The long, bloody lineage of private equity’s looting

Or, if you prefer, “plundering.”

Cory Doctorow
14 min readJun 2, 2023


An overgrown graveyard, rendered in silver nitrate monochrome. A green-tinted businessman with a moneybag in place of a head looms up from behind a gravestone. The right side of the image is spattered in blood.

Tomorrow (June 3) at 1:30PM, I’m in Edinburgh for the Cymera Festival on a panel with Nina Allen and Ian McDonald.

Monday (June 5) at 7:15PM, I’m in London at the British Library with my novel Red Team Blues, hosted by Baroness Martha Lane Fox.

On Tuesday (June 6), I’m on a Rightscon panel about interoperability.

On Wednesday (June 7), I’m keynoting the Re:publica conference in Berlin.

On Thursday (June 8) at 8PM, I’m at Otherland Books in Berlin.

Fans of the Sopranos will remember the “bust out” as a mob tactic in which a business is taken over, loaded up with debt, and driven into the ground, wrecking the lives of the business’s workers, customers and suppliers. When the mafia does this, we call it a bust out; when Wall Street does it, we call it “private equity.”

It used to be that we rarely heard about private equity, but then, as national chains and iconic companies started to vanish, this mysterious financial arrangement popped up with increasing frequency. When a finance bro’s presentation on why Olive Garden needed to be re-orged when viral, there was a lot off snickering about the decline of a tacky business whose value prop was unlimited carbs. But the bro was working for Starboard Value, a hedge fund that specialized in buhying out and killing off companies, pocketing billions while destroying profitable businesses.

Starboard Value’s game was straightforward: buy a business, load it with debt, sell off its physical plant — the buildings it did business out of — pay itself, and then have the business lease back the buildings, bleeding out money until it collapsed. They pulled it with Red Lobster,and the point of the viral Olive Garden dis track was to soften up the company for its own bust out.

The bust out tactic wasn’t limited to mocking middlebrow family restaurants. For years, the crooks who ran these ops did a brisk trade in blaming the internet. Why did Sears tank? Everyone knows that the 19th century business was an antique, incapable of mounting a challenge in the age of e-commerce. That was a great smokescreen for an old-fashioned bust out that saw corporate looters make off with hundreds of millions, leaving behind empty storefronts and emptier pension accounts for the workers who built the wealth the looters stole:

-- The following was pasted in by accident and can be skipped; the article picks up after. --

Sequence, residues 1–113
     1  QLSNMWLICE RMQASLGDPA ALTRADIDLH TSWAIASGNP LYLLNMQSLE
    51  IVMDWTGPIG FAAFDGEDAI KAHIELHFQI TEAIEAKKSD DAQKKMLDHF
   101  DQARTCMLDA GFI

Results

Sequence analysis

Same goes for Toys R Us: it wasn’t Amazon that killed the iconic toy retailer — it was the PE bosses who extracted $200m from the chain, then walked away, hands in pockets and whistling, while the businesses collapsed and the workers got zero severance:

It’s a good racket — for the racketeers. Private equity has grown from a finance sideshow to Wall Street’s apex predator, and it’s devouring the real economy through a string of audactious bust outs, each more consequential and depraved than the last.

As PE shows that it can turn profitable businesses gigantic windfalls, sticking the rest of us with the job of sorting out the smoking craters they leave behind, more and more investors are piling in. Today, the PE sector loves a rollup, which is when they buy several related businesses and merge them into one firm. The nominal business-case for a rollup is that the new, bigger firm is more “efficient.” In reality, a rollup’s strength is in eliminating competition. When all the pet groomers, or funeral homes, or urgent care clinics for ten miles share the same owner, they can raise prices, lower wages, and fuck over suppliers.

They can also borrow. A quirk of the credit markets is that a standalone small business is valued at about 3–5x its annual revenues. But if that business is part of a large firm, it is valued at 10–20x annual turnover. That means that when a private equity company rolls up a comedy club, ad agency or water bottler (all businesses presently experiencing PE rollup), with $1m in annual revenues, it shows up on the PE company’s balance sheet as an asset worth $10–20m. That’s $10–20m worth of collateral the PE fund can stake for loans that let it buy and roll up more small businesses.

2.9 million Boomer-owned businesses, employing 32m people, are expected to sell in the next couple years as their owners retire. Most of these businesses will sell to PE firms, who can afford to pay more for them as a prelude to a bust out than anyone intending to operate them as a productive business could ever pay:

PE’s most ghastly impact is felt in the health care sector. Whole towns’ worth of emergency rooms, family practices, labs and other health firms have been scooped up by PE, which has spent more than $1t since 2012 on health acquisitions:

Once a health care company is owned by PE, it is significantly more likely to commit medicare fraud. It also cuts wages and staffing for doctors and nurses. PE-owned facilities do more unnecessary and often dangerous procedures. Appointments get shorter. The companies get embroiled in kickback scandals. PE-backed dentists hack away at children’s mouths, filling them full of root-canals.

The Healthcare Private Equity Association boasts that its members are poised to spend more than $3t to create “the future of healthcare.”!event-list

As bad as PE is for healthcare, it’s worse for long-term care. PE-owned nursing homes are charnel houses, and there’s a particularly nasty PE scam where elderly patients are tricked into signing up for palliative care, which is never delivered (and isn’t needed, because the patients aren’t dying!). These fake “hospices” get huge payouts from medicare — and the patient is made permanently ineligible for future medicare, because they are recorded being in their final decline:

Every part of the health care sector is being busted out by PE. Another ugly PE trick, the “club deal,” is devouring the medical supply business. Club deals were huge in the 2000s, destroying rent-controlled housing, energy companies, Mervyn’s department stores, Harrah’s, and Old Country Joe. Now it’s doing the same to medical supplies: